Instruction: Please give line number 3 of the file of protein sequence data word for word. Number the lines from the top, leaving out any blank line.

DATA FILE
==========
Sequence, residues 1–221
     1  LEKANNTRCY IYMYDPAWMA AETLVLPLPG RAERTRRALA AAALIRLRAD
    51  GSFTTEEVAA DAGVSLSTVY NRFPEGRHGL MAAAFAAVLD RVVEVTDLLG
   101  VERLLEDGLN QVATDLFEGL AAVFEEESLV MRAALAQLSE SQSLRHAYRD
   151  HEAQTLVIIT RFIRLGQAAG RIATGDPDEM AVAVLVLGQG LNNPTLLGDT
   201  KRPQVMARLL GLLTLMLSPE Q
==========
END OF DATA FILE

    51  GSFTTEEVAA DAGVSLSTVY NRFPEGRHGL MAAAFAAVLD RVVEVTDLLG